When I think about the developments of culture, the agents of creation and destruction, I can't help but ponder the fundamental instincts we have to create new technologies and products. The Zeitgeist movement offers lots to say about our motivations to make cheap, convenient and disposable products for the market.
In a "M.A.D. (Money As Debt) economy," as Joe Alexopoulos points out at the Los Angeles Zeitgeist Day 2012, we are condemned to repetition, and we waste so many ideas.
When profit is valued over well-being and innovation, our standards are lowered and our lives are indebted to a fictional set of numbers on paper. At the base of this system is a massive computer network of numbers that determines the way we all live: how much we earn, how much we may eat or what we may consume, and if someone doesn't have anything, it's acceptable to blame that individual for his own misery. This is where I agree, though there is so much resistance to change.
However, science has proven countless times over that we live in a world constantly in flux. If the world and space around us is always moving and changing--without any notions of linearity or progress--then why does the human species want to remain in stasis? There is nothing wrong with exploring new possibilities, and we most likely cannot know entirely whether to label something "good" or "bad." At least until we make an attempt to experience it. But the issue of our temporality does complicate things. Life appears to be so linear--we're born, we live, we die. What I propose is to view every moment as an instant with the potential for change.
Here, I would like to quote Edward Abbey. In his book "Desert Solitaire: A Season in the Wilderness" he explains so well what I believe to be a desired change in our values: We are preoccupied with time. If we could learn to love space as deeply as we are now obsessed with time, we might discover a new meaning in the phrase to live like men.
It is our attitudes toward human temporality that hinders so much social and economic development. We all want things, and want them to be quick and efficient because, as we've all doubtlessly heard from the mouth of elderly relatives, life is short. Really? There are individuals who accomplish so much in a lifetime. The potential for human innovation is boundless, given the opportunity. In my 23 years of life I have seen cassettes become CDs and now MP3 devices, and that is but one technological development in the entertainment industry. VHS to DVDs to Blueray, and there's no need to mention the skyrocketing technology in the gaming industry. But it's all "industry." The industrial revolution has not ended, and may not be over until we consider reshaping our notions of "industries." The profit motive is and has always been present in every industry; our art and culture is a profit-seeking industry itself! What's so disagreeable with this profit motive, many people will ask. It gives us computers and automobiles; it provides us with doctors and teachers.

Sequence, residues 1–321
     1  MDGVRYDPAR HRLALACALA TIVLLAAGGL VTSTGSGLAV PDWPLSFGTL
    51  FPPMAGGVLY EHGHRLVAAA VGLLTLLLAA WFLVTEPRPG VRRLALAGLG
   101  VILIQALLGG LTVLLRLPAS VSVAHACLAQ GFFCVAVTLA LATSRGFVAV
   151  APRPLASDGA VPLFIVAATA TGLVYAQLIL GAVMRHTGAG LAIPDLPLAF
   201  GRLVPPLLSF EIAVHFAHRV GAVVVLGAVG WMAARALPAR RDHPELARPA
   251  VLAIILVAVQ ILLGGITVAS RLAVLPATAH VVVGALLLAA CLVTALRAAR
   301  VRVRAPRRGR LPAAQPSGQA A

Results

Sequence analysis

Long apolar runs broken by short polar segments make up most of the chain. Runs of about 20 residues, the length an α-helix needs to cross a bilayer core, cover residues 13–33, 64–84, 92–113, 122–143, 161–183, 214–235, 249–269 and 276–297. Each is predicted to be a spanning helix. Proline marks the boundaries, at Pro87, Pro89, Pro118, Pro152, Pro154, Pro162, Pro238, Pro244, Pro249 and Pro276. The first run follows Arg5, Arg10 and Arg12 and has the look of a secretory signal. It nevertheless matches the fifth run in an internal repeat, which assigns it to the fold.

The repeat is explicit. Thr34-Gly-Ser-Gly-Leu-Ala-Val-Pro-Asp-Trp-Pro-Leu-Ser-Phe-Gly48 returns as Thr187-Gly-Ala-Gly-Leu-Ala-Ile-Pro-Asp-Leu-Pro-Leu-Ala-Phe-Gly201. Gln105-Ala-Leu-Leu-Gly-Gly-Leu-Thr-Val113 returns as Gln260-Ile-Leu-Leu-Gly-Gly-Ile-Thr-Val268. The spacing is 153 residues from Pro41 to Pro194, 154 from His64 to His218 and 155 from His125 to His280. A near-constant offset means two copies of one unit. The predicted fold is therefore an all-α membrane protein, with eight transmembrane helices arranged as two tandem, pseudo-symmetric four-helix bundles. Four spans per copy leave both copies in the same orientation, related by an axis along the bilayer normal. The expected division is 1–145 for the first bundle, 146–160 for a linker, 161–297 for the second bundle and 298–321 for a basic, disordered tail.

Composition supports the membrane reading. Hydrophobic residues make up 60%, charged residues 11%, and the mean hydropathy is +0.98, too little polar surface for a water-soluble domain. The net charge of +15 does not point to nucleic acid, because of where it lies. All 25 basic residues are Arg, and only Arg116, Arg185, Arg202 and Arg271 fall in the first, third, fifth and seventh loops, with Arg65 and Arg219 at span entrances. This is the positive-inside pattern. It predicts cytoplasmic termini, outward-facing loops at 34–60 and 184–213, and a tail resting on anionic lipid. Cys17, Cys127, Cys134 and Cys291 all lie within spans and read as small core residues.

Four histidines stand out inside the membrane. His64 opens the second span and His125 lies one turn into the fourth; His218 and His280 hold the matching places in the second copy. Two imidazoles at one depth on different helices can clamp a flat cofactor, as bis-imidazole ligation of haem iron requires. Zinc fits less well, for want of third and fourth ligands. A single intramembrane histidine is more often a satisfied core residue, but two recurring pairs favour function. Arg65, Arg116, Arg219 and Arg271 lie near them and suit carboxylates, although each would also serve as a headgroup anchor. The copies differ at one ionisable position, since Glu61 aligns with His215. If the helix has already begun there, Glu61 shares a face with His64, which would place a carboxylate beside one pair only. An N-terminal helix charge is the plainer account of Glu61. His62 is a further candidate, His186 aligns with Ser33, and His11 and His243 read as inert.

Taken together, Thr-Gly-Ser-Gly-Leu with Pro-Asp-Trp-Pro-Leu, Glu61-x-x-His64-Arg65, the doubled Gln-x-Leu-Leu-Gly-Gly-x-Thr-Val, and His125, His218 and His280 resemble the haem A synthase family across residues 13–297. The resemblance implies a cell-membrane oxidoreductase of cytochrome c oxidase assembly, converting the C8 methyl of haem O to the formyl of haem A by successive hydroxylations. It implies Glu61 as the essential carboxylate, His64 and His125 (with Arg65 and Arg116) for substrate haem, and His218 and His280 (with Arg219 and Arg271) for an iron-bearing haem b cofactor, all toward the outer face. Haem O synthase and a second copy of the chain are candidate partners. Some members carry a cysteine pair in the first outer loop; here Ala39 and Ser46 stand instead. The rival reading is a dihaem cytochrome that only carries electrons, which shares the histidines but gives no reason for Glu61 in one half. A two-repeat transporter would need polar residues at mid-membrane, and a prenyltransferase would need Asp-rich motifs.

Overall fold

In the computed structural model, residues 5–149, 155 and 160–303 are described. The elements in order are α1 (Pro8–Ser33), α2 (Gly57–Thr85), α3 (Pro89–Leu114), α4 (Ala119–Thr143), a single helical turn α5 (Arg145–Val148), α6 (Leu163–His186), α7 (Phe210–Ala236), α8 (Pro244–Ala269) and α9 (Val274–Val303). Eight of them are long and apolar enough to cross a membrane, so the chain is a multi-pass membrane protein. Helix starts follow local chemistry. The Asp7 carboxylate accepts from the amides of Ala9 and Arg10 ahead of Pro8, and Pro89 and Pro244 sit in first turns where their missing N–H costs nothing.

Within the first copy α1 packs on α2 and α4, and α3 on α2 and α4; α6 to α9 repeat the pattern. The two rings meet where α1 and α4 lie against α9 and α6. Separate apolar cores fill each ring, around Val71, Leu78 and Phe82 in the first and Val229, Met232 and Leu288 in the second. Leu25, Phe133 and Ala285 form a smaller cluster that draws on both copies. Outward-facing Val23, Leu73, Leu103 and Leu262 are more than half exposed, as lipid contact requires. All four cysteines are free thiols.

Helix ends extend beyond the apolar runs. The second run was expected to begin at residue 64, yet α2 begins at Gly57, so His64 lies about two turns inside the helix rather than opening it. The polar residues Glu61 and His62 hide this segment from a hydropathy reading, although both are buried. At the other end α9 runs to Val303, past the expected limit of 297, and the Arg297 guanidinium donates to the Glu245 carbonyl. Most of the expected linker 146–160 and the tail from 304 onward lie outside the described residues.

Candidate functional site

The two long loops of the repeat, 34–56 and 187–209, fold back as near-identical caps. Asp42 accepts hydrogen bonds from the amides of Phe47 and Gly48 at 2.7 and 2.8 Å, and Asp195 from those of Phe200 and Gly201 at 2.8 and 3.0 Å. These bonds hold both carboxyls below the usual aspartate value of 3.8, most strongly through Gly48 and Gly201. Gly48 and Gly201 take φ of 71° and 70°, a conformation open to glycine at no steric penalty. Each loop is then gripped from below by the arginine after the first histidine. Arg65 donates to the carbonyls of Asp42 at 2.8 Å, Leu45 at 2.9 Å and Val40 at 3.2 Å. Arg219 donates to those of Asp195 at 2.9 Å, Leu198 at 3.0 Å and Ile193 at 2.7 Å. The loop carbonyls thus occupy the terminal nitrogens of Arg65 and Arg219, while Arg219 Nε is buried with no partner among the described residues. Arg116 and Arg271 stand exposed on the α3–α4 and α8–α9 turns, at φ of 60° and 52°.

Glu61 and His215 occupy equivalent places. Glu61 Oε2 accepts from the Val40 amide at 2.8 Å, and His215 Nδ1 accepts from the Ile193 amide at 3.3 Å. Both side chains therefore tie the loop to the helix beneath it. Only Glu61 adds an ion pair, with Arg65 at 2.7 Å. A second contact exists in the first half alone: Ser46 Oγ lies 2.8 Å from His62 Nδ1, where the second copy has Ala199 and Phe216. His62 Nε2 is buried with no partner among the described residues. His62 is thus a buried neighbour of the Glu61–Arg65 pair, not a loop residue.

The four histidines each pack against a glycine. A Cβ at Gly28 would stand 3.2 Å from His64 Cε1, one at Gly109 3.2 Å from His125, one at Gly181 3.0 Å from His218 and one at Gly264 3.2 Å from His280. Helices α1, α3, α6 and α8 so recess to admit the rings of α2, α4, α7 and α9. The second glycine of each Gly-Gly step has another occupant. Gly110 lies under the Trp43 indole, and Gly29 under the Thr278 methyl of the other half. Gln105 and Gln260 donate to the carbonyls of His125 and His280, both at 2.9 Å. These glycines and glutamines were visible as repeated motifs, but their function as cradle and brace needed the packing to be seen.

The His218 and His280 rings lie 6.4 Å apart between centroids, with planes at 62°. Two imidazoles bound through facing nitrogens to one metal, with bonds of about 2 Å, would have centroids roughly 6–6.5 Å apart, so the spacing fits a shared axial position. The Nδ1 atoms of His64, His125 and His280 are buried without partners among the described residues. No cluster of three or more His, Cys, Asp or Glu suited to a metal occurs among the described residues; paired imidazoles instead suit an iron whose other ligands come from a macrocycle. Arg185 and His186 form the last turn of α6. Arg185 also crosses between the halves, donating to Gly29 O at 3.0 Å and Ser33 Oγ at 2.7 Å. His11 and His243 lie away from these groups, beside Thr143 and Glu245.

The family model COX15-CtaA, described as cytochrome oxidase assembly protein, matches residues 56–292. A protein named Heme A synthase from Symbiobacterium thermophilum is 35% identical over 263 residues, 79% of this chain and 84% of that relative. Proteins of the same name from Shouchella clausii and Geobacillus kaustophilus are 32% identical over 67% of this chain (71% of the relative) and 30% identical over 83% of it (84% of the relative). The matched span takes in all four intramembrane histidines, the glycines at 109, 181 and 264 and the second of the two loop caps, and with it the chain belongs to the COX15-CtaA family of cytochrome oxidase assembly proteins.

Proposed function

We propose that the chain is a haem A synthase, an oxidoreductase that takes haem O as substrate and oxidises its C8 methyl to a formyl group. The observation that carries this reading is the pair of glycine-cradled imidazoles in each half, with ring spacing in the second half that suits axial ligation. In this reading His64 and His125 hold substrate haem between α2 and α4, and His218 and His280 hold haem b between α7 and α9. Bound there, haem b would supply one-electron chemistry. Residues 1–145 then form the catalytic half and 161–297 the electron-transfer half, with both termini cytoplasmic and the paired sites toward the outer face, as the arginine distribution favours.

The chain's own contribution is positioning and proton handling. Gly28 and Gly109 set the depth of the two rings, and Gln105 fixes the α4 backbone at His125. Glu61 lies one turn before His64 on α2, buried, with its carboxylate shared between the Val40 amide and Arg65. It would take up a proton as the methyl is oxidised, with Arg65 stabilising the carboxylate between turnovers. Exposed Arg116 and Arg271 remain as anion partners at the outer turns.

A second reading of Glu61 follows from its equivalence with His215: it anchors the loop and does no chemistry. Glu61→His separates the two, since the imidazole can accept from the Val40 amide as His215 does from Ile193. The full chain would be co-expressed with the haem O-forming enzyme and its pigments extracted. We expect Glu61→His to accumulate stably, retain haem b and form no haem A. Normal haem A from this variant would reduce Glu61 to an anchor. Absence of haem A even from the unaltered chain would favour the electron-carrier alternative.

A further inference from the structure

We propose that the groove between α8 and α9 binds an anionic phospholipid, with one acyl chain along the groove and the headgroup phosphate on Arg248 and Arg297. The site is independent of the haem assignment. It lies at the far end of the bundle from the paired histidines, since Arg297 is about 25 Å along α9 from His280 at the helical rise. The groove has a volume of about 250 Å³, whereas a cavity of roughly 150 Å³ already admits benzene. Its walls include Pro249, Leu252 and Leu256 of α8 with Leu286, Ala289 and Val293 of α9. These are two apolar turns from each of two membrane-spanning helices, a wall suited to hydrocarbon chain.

My response to such a question is in the form of another question. Would you rather have a surgeon operate on you that has her job because she is being paid to do it, or because of her desire to be helping people who are sick? Would you rather your child's teacher be in the classroom because of his wage, or because he loves interacting and sharing knowledge with students? And would you rather the computers you buy be replaced every year with new components and pieces simply because the company needs more profit? Or keep the same computer until new innovative and necessary technology arises and your old one is easily recycled? The value is there, in our choices and actions.
The funny thing is, and I mean this in the sense that it is strange and disconnected from our very humanity, is that our present economic system does not recognize human values even though we carry them individually. With every dollar spent we are valuing a certain item and telling--in numbers--what we want more of. This numeracy is a form of communication, to a system of numbers we are all part of and yet fragmented by. So we keep spending--and some keep hoarding even though currency ought to be kept in circulation--because it is a delusional security blanket for us to spend what we earned the way we see fit. And thus we keep accumulating, no matter how redundant or how unnecessary any of it really is. So the way I see our present "MAD economy" is as a kind of dictatorship. But we are all being ruled by a fictional and universal dictator that is the monetary system we've created. We are a creative species; why not create something else now?